No sex please

Once upon a time, if there was something that could be taken for granted about ants, it was that reproduction depends on mating, that is, sex. Admittedly, males come from unfertilized eggs; but against that, all females have a father from whom they receive half of their genome. However, ants are full of surprises; and though most species do in fact follow the norm, there is at least one that contradicts it. This is Cataglyphis cursor, whose queens behave with reckless abandon, sometimes using male sperm to have daughters and sometimes not bothering. Sexual and asexual reproduction are all the same to them.

Sexual reproduction has been a bother to biologists for a long time. What is sex for? Why should sexual reproduction be so widespread throughout the animal kingdom? If you think about it, this way of having children is rather inconvenient, given that it requires two partners of opposite sex to come together and that this is a matter of chance. From the genetic point of view, this is particularly unprofitable for the mother, since it restricts her to passing on only half of her genes. In addition, she invests half of her reproductive energy in having male offspring, who are not very useful except for fertilizing eggs. This makes for a very wasteful system, marked by what the British biologist John Maynard Smith famously defined as 'the twofold cost of sex'. Nevertheless, there is much to be said in favour of sexual reproduction. For a start, the mix of parental genes passed on to children makes for increased genetic diversity in the population. Over evolutionary time, this constant mingling of genetic inheritances leads to the elimination of deleterious genes and the preservation of functional ones. A noteworthy long-term consequence of this is that it produces individuals who are more resistant to parasites and other pathogens.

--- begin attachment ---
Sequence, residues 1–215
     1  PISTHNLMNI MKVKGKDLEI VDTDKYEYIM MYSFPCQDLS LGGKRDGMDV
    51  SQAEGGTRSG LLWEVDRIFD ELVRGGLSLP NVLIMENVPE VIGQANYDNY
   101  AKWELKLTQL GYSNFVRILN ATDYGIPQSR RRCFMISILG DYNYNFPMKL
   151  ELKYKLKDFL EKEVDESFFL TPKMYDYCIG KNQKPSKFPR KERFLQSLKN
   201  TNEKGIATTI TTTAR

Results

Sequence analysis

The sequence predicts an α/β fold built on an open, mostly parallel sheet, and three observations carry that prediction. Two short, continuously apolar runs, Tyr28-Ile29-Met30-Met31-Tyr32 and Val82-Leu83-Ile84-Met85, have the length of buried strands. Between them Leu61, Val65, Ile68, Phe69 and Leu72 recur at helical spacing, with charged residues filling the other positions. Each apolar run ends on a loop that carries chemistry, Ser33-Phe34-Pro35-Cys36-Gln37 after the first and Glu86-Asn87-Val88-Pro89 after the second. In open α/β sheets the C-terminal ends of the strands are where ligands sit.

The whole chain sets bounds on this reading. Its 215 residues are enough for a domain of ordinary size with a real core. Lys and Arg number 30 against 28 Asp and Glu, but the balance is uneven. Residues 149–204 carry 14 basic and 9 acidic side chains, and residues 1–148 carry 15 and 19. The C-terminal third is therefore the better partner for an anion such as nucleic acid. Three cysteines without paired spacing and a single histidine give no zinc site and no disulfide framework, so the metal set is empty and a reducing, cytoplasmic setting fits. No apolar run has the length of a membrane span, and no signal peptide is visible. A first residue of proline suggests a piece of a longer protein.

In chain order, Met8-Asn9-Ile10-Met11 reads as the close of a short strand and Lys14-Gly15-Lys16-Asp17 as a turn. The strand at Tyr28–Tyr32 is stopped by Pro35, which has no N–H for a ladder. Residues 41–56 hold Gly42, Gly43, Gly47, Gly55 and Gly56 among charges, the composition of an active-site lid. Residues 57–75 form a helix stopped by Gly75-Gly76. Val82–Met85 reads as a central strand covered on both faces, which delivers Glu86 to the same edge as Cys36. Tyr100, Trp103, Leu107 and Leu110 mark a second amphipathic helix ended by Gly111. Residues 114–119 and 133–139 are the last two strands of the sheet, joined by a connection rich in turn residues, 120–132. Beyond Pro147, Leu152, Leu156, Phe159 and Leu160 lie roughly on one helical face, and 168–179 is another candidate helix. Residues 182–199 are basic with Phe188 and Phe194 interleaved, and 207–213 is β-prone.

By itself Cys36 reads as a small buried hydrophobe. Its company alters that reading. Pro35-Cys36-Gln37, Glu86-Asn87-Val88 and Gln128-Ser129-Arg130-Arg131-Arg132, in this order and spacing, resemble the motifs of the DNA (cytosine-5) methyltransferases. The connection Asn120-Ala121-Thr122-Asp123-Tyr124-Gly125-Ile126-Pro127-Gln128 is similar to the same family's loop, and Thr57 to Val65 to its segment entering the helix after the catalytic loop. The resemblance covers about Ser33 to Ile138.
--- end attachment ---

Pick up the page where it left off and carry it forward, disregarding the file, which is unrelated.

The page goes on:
This is the reason why, although asexual reproduction has appeared many times, species that go in for it do not last long in evolutionary terms. Some species of arthropods, some insects, and some lizards still contrive to do without sex, but they are a tiny minority in the animal world. Ants, however, do not belong to that small category; and myrmecologists were for a long time convinced that all queens had recourse to sexual reproduction. Witness any mating flight and it will be apparent that queens are not averse to copulating with males. However, close study of Cataglyphis cursor, with Morgan Pearcy and Serge Aron of ULB and Claudie Doums from the University of Paris VI, led us to recognize that there was more to it than that. The interesting point about this particular species was that some of the behaviours of its queens are unusual. In these monogynous colonies, the young virgin queen does not fly away in search of a mate. All she does is leave the nest and wait until males come to her; at that point she copulates with them, still on the ground close to the nest, before going back inside as soon as the love-making is over. She stays in the nest only as long as it takes to gather together a party of her sister workers, then sets off with her troops to found her own nest a few metres away.